And, really insert our client’s key messaging there. They were in a really interesting place because they were sort of uniquely ahead of a lot of the regulations that were expected to be coming down and, and that has since come down. But they were sort of in this unique area where they really supported a lot of the change. And so they were looking for ways to not be kind of lumped in with the rest of the gang as it were, who perhaps was a little bit less enthused about the burgeoning regulatory landscape. So you know, we were able to stay on top of local conversations happening again among activists, among electeds, and really get ahead of sort of what we knew would be coming and, and carve out sort of this unique space for them to talk about these issues in a positive way and highlight their own sustainability practices their own labor practices, et cetera.

Arielle Goren (28:29):

So that’s kind of the case study, if you will where we have plenty of time to dive into q and a. But before that, just wanted to say, you know, if you, if you take away three things from our talk today you know, we think this is it. Quorum paired with other insights tools can be used to identify what officials, what, or what elected officials are paying attention to. As we’ve said, we’ve seen that in a number of different insights at the federal level, at the state level, at the local level looking at social media engagement, looking at you know, who they’re reading, who they’re talking to, who they’re engaging with. On the media side knowing your key audience better leads to more precise and robust earned media strategies. I have absolutely found this to be true.

Arielle Goren (29:10):

We are able to target in a way that is just much more effective. We’re able to see better returns on, on pitches just generally better sort of product market fit, if you wanna call it that with you know, aligning key messages to key audiences. And then three, doubling down on a data-driven approach can really amplify your earned media success. And again, you know, we know this to be true, As I said, we, we really start and continue with and finish with the data, and it informs everything that we do. So with that, we are more than happy to take questions.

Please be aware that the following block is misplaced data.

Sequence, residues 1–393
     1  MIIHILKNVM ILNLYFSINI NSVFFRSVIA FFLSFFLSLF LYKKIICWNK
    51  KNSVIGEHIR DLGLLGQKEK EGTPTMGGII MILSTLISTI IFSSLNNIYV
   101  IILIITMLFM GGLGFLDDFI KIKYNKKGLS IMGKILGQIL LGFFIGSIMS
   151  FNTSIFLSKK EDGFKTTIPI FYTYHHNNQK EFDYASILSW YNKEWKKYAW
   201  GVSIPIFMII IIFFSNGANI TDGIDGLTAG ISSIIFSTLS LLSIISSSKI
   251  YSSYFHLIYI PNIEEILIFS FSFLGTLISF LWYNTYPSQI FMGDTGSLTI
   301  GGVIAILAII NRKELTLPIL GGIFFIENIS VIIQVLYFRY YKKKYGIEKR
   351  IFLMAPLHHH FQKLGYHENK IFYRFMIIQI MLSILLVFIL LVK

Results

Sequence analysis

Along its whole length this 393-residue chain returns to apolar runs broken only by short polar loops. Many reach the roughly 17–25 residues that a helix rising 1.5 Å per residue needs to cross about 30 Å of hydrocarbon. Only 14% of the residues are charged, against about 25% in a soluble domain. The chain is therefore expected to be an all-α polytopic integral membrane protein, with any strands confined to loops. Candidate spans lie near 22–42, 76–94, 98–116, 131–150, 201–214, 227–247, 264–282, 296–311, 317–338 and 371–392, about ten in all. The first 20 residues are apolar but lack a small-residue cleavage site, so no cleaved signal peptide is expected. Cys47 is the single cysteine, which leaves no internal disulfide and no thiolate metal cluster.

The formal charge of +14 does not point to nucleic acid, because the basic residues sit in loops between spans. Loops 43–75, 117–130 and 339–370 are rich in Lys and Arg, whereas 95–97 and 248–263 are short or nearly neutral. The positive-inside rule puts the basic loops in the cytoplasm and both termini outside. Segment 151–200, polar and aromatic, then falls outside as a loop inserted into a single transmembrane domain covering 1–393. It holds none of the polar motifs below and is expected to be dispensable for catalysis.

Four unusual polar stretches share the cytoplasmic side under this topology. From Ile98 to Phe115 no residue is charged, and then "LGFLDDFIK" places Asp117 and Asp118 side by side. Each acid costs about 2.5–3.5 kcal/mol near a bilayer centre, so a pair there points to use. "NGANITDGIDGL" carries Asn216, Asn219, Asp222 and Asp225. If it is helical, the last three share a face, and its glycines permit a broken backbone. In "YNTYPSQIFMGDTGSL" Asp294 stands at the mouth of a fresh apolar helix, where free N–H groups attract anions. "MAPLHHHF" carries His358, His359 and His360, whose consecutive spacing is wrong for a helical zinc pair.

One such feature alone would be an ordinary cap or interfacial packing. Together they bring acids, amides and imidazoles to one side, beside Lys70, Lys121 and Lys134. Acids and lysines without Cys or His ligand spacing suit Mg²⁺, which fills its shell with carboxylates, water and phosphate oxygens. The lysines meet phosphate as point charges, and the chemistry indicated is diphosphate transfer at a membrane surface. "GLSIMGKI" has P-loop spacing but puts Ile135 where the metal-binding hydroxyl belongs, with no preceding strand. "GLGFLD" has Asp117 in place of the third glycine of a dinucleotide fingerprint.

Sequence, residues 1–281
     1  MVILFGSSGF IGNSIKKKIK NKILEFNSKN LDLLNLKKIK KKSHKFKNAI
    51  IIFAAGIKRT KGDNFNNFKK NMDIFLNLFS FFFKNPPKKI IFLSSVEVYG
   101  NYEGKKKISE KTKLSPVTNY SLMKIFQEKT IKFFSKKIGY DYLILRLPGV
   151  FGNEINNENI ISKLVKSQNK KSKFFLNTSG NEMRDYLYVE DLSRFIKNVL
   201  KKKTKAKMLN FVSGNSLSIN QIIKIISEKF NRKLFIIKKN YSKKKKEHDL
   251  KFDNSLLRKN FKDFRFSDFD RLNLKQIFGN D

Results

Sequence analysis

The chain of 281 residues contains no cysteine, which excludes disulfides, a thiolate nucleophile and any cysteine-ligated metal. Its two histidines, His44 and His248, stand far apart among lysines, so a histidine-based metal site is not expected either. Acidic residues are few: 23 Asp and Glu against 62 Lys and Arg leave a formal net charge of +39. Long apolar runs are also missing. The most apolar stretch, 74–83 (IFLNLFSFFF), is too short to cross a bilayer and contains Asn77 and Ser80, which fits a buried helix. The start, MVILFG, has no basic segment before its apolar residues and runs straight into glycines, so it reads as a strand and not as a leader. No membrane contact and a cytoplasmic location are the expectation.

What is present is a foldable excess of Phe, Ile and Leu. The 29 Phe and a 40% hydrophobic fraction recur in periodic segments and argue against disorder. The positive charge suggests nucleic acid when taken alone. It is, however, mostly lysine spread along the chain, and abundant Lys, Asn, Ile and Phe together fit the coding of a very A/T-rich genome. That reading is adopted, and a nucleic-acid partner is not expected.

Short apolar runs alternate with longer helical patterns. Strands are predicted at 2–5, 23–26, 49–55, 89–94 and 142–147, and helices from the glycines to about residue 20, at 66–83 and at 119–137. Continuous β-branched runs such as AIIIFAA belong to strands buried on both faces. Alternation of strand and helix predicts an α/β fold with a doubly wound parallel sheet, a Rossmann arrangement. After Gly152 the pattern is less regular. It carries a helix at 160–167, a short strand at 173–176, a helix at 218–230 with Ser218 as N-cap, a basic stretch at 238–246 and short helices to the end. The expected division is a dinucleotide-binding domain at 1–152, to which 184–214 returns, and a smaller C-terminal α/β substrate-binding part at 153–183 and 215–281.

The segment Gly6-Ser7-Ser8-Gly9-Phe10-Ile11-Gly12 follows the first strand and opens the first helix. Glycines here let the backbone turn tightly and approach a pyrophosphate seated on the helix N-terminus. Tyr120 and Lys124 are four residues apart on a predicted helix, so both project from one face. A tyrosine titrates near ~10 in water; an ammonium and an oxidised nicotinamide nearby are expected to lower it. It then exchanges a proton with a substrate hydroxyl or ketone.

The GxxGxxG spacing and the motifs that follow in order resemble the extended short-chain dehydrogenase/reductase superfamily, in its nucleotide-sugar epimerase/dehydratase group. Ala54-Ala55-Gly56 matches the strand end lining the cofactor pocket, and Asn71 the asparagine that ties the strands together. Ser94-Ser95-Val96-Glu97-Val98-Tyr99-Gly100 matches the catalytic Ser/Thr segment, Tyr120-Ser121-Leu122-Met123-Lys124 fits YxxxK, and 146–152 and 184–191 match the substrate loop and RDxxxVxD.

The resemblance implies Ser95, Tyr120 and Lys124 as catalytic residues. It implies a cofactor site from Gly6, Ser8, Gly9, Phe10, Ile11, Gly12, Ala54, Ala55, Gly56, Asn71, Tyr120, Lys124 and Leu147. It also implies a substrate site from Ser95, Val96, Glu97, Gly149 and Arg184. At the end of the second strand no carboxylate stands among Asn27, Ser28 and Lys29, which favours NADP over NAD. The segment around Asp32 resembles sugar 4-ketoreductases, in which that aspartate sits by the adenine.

Ninia Linero (29:53):

Awesome. Thank you both. Again, if you have any questions, feel free to throw those into the chat, but I will go ahead and get started with a few. First question, how do any of the approaches in the presentation change leading up to or after the November elections?

Arielle Goren (30:12):

Yeah, that’s a great question. I’m sure one that’s on everyone’s minds. Jonathan, you wanna jump in on that? Sure.

Jonathan Scharff (30:19):

Yeah. I mean, look, it’s always important to be tracking what elected officials are paying attention to. And, you know, honestly, after November, right, we’re gonna have new elected officials, so we’re gonna have to learn, learn again about them. And, you know, their, their actions, right? Retweets, social media engagement the different content that they engage with are all kind of indicators that help us, you know, learn more about them and what their priorities are and, and how to adapt strategies that fit. So really the short answer is, you know, after the November election, we’ll, we’ll rerun a lot of this and, and develop some new insights and takeaways that they get built into our strategies.

Ninia Linero (31:03):

Absolutely. another question. How do you account for the increasing fragmentation of the media landscape?

Arielle Goren (31:13):